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Court issues TRO in medical marijuana case

A Cole County circuit judge issued a temporary restraining order on Jan. 16 in what appears to be one of the first challenges brought under the Missouri constitutional amendment that legalized medical marijuana.

Judge Daniel Green barred state officials from considering an Independence city ordinance that restricted where medical marijuana facilities can be located. The temporary ruling would allow a license application for the plaintiff, the Healing Center of Kansas City, to proceed, at least for now. A hearing was scheduled for Jan. 27.

Lowell Pearson of Husch Blackwell, an attorney for HCKC, said in an email that the case intentionally was filed before the Missouri Department of Health and Senior Services made its licensing decision, as the plaintiff argues the ordinance is unconstitutional.

Last July, the Independence City Council enacted an ordinance setting minimum distance for medical marijuana-related businesses. Among them is a requirement that dispensaries be at least 500 feet from any residential district or residential dwelling, measured from property line to property line.

HCKC alleges that restriction encompasses 88 percent of the commercially zoned areas where medical marijuana dispensaries could operate, and that at least 10 of the 18 applicants who are seeking licenses to operate in Independence would be disqualified, as the department requires applicants to satisfy the local requirements of the jurisdiction.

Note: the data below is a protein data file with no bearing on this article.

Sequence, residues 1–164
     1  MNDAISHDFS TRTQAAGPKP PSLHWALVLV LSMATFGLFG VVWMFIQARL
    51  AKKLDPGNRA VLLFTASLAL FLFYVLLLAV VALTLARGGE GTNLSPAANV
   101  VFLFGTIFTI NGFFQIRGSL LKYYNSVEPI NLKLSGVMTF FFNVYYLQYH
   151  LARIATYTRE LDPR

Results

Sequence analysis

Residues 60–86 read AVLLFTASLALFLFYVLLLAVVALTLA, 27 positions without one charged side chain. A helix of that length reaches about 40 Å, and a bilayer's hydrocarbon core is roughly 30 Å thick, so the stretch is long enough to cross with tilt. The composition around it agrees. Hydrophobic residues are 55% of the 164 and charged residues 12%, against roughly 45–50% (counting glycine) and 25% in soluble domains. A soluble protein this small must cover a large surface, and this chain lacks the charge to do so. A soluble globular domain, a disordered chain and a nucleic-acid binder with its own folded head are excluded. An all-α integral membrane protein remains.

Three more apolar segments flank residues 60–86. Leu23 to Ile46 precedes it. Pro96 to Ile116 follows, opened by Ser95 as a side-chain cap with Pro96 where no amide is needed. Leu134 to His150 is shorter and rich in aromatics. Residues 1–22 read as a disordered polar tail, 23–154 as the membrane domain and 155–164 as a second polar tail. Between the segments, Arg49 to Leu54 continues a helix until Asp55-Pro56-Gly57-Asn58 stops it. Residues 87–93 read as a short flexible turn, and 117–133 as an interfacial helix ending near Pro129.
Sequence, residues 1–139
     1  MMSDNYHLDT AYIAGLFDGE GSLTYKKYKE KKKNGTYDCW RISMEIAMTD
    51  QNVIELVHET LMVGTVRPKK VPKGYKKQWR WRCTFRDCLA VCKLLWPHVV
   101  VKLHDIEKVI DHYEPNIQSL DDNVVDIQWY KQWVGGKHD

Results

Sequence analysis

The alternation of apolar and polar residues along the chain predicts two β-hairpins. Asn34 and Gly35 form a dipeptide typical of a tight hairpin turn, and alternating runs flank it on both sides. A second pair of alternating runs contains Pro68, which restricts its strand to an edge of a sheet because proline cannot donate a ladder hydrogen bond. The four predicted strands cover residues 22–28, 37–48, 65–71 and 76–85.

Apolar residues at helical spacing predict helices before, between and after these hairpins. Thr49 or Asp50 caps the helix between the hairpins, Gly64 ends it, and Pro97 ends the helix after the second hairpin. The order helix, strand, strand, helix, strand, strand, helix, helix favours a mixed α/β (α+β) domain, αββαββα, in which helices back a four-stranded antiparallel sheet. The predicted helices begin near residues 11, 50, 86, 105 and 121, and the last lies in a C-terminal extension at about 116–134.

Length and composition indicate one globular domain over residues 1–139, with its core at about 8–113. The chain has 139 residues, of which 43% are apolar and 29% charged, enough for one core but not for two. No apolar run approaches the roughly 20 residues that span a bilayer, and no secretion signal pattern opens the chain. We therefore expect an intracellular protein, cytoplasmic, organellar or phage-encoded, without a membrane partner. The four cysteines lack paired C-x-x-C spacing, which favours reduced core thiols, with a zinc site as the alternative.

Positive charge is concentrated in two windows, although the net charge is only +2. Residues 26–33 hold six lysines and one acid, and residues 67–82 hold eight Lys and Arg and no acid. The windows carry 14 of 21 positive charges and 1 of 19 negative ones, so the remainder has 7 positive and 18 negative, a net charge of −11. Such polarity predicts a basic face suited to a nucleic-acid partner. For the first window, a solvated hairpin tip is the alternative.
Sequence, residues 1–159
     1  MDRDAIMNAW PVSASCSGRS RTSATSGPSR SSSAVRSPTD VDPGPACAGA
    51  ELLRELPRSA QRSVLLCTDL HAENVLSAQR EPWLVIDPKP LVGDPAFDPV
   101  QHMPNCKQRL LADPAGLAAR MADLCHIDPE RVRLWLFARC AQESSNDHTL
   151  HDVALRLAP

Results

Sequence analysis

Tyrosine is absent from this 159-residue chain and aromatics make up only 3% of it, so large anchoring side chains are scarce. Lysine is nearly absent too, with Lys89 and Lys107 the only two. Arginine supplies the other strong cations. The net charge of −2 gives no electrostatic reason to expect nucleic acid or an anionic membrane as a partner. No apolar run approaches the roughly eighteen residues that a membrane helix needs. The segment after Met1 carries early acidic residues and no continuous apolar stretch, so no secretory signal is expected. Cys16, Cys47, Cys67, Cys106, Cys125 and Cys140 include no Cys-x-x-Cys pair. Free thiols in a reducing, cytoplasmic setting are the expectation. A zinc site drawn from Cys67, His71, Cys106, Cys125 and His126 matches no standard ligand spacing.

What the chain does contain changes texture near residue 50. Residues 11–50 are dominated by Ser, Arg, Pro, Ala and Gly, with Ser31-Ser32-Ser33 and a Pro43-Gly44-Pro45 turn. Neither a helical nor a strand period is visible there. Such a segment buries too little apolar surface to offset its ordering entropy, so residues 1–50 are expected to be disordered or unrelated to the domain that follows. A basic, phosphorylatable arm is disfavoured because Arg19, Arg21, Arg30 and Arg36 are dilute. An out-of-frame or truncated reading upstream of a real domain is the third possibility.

Missouri voters overwhelmingly approved a measure in 2018 that legalized and created protections for medical marijuana. Under Article XIV, Section 7 of the Missouri Constitution, local governments cannot prohibit medical marijuana facilities or “make their operation unduly burdensome in the jurisdiction.”

However, the amendment also allows local governments to enact regulations “governing the time, place and manner of operation of such facilities in the locality.”

In its motion for the TRO, HCKC argued that the city’s ordinance goes further than allowed and would “place substantial obstacles in the path of a patient seeking medical marijuana and in the path of businesses seeking to operate a Medical Marijuana Dispensary Facility.”

Green will have to decide next if the situation merits a preliminary injunction. If the case ultimately is successful, it could wind up in the Missouri Supreme Court, offering the court its first opportunity to examine the effects of the medical marijuana amendment.

The case is HCKC LLC v. Missouri Department of Health and Senior Services, 19AC-CC00519.